You don't actually need high-gluten flour to make a good pizza crust.  Manufacturers use it because it makes a dough that withstands punishment from dividing and shaping machinery.

A flour with less gluten AND more extensible gluten will rise less.  King Arthur's AP flour -- or any hard winter wheat flour -- will do fine.  Italian flour used for their pizzas is generally even weaker than KA's AP flour.

Don't mix too much -- 8 or 10 minutes on the lowest possible speed is plenty.

And you can use a "docker" to poke holes in your pizza shell to avoid excessive blowups.

You're not proofing the pizza shell, are you?  You can long-ferment the bulk dough if you like, or even hold pre-rounded portions overnight covered in the 'fridge.  If you want a thin crust, though, don't let the crust build up with gas after stretching it into a shell.

Lastly, I'd agree with Sylvia that you shouldn't need to pre-bake a pizza shell if it is small enough.  Keep it at 12" or less and 550 degrees or more should do it with no pre-baking. Sylvia has a wood-fired oven she can use, which, I guess, easily gets to the 700 degrees or so used by pros.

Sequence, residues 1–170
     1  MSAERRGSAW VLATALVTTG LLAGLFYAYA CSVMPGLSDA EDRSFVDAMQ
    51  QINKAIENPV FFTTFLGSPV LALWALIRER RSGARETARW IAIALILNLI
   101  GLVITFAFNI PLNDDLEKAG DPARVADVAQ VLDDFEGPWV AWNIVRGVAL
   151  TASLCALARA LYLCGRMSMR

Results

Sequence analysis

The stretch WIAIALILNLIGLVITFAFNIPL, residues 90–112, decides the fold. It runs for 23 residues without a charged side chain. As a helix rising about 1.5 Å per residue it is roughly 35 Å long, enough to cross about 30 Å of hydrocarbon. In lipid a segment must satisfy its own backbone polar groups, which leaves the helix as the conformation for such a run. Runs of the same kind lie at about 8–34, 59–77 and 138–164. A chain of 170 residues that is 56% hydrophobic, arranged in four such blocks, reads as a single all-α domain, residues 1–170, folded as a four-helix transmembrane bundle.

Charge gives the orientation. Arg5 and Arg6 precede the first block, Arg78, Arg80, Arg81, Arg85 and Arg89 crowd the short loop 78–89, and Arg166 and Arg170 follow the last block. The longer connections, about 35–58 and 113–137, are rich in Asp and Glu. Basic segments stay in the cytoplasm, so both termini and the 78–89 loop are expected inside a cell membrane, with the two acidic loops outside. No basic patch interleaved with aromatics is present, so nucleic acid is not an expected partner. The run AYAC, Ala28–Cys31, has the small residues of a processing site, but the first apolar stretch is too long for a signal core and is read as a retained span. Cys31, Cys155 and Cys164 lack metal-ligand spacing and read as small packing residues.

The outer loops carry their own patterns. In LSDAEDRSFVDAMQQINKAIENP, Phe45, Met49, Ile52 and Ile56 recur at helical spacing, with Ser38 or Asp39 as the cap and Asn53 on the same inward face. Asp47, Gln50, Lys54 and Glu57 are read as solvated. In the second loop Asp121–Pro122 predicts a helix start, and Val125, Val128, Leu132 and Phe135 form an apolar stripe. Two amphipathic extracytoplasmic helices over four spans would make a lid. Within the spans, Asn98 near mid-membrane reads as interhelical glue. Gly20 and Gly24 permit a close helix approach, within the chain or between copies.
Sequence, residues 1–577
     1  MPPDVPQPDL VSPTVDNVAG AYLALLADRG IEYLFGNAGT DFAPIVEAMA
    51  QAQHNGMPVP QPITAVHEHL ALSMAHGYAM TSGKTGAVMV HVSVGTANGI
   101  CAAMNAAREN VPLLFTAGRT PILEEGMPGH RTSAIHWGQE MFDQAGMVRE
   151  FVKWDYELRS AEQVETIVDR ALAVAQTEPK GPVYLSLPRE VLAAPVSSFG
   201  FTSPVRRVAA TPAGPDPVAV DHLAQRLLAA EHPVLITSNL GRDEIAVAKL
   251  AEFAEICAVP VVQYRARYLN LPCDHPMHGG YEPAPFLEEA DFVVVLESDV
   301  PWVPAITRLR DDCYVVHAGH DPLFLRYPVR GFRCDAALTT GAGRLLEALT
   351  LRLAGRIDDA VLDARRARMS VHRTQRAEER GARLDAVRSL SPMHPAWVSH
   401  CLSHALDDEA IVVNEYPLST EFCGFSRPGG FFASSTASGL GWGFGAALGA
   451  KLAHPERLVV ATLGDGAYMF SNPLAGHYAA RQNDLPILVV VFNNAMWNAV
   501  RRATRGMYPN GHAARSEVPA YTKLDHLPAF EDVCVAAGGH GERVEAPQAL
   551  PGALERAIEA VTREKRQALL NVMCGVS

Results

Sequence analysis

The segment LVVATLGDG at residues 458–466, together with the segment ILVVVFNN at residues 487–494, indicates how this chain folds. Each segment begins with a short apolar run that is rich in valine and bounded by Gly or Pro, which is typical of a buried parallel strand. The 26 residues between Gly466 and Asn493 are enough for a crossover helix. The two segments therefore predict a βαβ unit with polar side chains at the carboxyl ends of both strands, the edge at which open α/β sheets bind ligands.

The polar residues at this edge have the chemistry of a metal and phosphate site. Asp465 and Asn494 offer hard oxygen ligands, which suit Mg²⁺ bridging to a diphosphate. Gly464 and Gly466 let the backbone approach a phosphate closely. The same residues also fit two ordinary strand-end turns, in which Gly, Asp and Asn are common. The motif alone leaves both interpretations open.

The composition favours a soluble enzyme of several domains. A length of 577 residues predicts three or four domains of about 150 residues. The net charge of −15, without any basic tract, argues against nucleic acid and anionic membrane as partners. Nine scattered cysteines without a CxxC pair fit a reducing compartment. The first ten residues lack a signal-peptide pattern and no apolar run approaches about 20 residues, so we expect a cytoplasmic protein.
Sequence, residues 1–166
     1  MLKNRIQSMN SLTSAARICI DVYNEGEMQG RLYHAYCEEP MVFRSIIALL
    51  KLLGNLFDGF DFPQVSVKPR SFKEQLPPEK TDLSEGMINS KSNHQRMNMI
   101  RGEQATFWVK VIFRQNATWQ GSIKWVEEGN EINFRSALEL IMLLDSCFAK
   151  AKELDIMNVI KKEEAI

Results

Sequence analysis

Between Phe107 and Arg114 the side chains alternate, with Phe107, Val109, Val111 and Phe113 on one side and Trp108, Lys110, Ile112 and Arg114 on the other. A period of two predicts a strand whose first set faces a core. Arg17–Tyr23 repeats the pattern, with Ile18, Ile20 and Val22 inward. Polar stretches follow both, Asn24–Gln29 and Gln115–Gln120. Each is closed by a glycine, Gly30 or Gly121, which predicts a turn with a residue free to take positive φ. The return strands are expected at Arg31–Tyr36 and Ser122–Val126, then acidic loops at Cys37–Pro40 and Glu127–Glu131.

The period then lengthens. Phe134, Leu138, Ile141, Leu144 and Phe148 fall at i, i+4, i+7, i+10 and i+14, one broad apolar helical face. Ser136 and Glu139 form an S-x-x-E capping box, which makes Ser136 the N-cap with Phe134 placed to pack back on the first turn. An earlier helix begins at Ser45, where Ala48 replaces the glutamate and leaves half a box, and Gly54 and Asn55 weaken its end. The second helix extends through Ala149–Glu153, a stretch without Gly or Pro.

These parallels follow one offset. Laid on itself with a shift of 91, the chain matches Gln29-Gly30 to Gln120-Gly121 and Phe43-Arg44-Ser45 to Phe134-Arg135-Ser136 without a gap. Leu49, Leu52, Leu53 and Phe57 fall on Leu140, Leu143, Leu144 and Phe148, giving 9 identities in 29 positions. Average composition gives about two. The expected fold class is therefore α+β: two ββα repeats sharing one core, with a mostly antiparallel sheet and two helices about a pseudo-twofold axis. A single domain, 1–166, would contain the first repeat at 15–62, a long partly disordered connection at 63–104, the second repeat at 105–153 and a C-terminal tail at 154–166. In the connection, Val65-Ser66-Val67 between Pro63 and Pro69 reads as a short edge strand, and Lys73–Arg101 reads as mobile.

--Dan DiMuzio

fsu1mikeg's picture

I've used AP and Italian "00" flour before with decent results.  I was tyring SteveB's formula for NY Pizza which calls for HG flour.  His formula uses a stiff sourdough starter, HG flour, water, salt, and a small amount of instant yeast.  Mix for 17-20 on low speed (I did it for about 17), form a ball, and refrigerate.  Take it out of the fridge while you get the oven heated up.  So it was out of the fridge for about an hour before I shaped it.  I gently flattened it with my fists until I could pick it up and gently stretch it out nice and thin.  It was easy to handle and stretch and other than the ballooning effect, was excellent.  I think I will take yours and others advice not to par-bake next time.  I think the dough will stand up to the toppings and cook everything just fine at once.  Thanks for the help!



jackie9999's picture

Lately I've been precooking my pizza shell to see what the difference is...I had always 'dressed' the pizza before baking.  I don't let it cook 6 minutes as you posted ..I find..after 3 minutes it's starting to inflate like a pita I remove and top right away.  I like the bit of spring in the shell and the finished pizza isn't as wet

I suppose it all depends on what your idea of the perfect pizza is...